Sonny Cheeba: The album is going to have a whole theme all the way through. Everything is all connected, through every song. Mixtapes, you may have some songs that you put on there that have been around for half a second like the joint that Ski did. And it’s coming out through Soul Fever/Traffic.
And your next album A Piece of the Action is coming out on SRC, right?
Geechi Suede: That has a question mark on it.
I thought it was official.
Geechi Suede: We have been working with SRC but we have to decide if we want to continue working that relationship or not.
When you look at how the game is changing and how independents are doing okay and sometimes better than majors, what is the ideal home for Camp Lo today?
Geechi Suede: We gotta definitely maximize on the independent market right now. We have to find a place that has everything we want. You gotta kind of throw the line out there and see what you can get.
You’ve also been spending a lot of time working on music in North Carolina. Has that changed the Camp Lo vibe at all?
Sonny Cheeba: I mean, the meditation factor of it, hell yeah! You’re only thinking about one thing there. If you’re in NY you’re thinking about a whole bunch of things, like what you can get into and what’s going to pop up for the rest of the night. When you’re here, the shit that you plan to do, you do. That’s how it’s been going.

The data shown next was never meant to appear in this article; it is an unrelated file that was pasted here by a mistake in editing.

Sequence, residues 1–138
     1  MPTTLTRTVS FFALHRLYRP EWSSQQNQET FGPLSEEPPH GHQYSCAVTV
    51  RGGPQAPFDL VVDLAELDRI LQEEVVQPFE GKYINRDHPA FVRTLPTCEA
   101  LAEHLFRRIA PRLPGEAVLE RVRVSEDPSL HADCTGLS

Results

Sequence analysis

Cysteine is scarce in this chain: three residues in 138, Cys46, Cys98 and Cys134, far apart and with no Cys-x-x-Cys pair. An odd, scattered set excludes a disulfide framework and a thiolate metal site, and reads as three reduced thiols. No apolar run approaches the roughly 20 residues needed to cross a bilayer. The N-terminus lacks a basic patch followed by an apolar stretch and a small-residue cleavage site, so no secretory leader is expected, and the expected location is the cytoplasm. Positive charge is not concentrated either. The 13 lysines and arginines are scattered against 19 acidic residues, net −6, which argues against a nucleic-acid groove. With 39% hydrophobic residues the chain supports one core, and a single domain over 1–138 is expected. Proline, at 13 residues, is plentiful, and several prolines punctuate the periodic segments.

Is Ski the main reason you’re in North Carolina today?
Geechi Suede: Ski’s originally from here and obviously we’re from NY. We’re from the Bronx and we relocated out here in ’99 and that’s when we recorded “Cookers” and a couple of other joints and then in 2003 we did Let’s Do it Again and we’ve been recording in Carolina since 1999.
How’s the new album A Piece of the Action coming?
Sonny Cheeba: So far, so good. We got our dynamic joints that we did in the pocket. It’s just time for some new energy. We’re here and we’ve been sitting on them for half a second now. It’s time for a brand new energy. We don’t want it to sound like the mixtape. We don’t want it to sound like anything.
A Piece of the Action is titled after the Blaxploitation flick starring Sidney Poitier and Bill Cosby. How is that film an influence for your new album?
Sonny Cheeba: It’s not just after the flick, per se, but in a slang term, we’re calling this A Piece of the Action because that’s what it’s going to be, this one right here. We did Uptown Saturday Night and Let’s Do it Again. Those featured Sidney Poitier and Bill Cos doing their duo thing and A Piece of the Action is where we’re at now.
What would be your favorite movie from the ‘70s?
Sonny Cheeba: It gotta be Cooley High.
What would Camp Lo be without the ‘70s and Blaxploitation flicks?
Sonny Cheeba: We’da had some hard beats! Everything would have been straight BX. It would be the BX and b-boy music. Ultimately it was the ‘70s soul that influenced the b-boys coming up and the whole graffiti and breakdancing and all of that. That’s what raised us. It was a combination of that.
When you listen to your earlier music, especially “Luchini” and compare it to the music that’s coming out today by younger artists, do you feel like the game is catching up to the trends you started?